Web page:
Platinum catalysts have the highest efficiency rate for hydrogen evolution, said Ren, who also is a principal investigator at the Texas Center for Superconductivity. But platinum is rare, difficult to extract and too expensive for practical use, he said, and researchers continue to seek less expensive ways to split water into its component parts.

Currently, most hydrogen is produced through steam methane reforming and coal gasification; those methods raise the fuel's carbon footprint despite the fact that it burns cleanly.

Molybdenum sulfoselenide and similar layered compounds have shown promise as catalysts, but so far no one has boosted their performance to viable levels in bulk form. The researchers say most active catalysis on those layered compounds, known as layered transition-metal dichalcogenides, or LTMDs, takes place at the edges, making the idea of a substrate with a large number of exposed edges more desirable. Also, they wrote, "arranging two different materials into hybrids might lead to synergistic effects that utilize the best properties of each component."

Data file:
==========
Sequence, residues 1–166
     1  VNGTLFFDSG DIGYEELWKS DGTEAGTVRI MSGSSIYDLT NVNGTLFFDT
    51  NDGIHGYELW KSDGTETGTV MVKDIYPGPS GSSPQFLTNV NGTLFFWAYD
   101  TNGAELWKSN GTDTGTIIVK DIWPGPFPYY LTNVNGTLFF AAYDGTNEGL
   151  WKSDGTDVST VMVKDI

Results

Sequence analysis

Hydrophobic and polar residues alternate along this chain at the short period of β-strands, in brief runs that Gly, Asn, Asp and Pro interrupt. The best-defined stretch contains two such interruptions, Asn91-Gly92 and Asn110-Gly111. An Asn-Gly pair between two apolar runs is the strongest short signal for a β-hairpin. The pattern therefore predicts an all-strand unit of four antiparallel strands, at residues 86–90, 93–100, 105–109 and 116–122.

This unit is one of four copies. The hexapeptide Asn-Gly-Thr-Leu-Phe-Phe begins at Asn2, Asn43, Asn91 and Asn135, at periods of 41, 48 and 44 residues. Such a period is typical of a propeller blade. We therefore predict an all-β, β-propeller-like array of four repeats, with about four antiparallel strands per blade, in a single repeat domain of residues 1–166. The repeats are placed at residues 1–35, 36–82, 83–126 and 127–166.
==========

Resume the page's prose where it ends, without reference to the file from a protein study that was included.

Their hybrid catalyst is composed of molybdenum sulfoselenide particles with vertically aligned layers on a 3-D porous conductive nickel diselenide scaffold.

Testing determined that the hybrid catalyst required 69 millivolts from an external energy source to achieve a current density of 10 milliamps per square centimeter, which the researchers said is much better than many previously reported tests. In this case, the current "splits" the water, converting it to hydrogen at the cathode. Achieving the necessary current density with lower voltage improves energy conversion efficiency and reduces preparation costs.

A platinum catalyst required 32 millivolts in the testing, but Ren said ongoing testing has reduced the hybrid catalyst requirements to about 40 millivolts, close to the platinum requirements.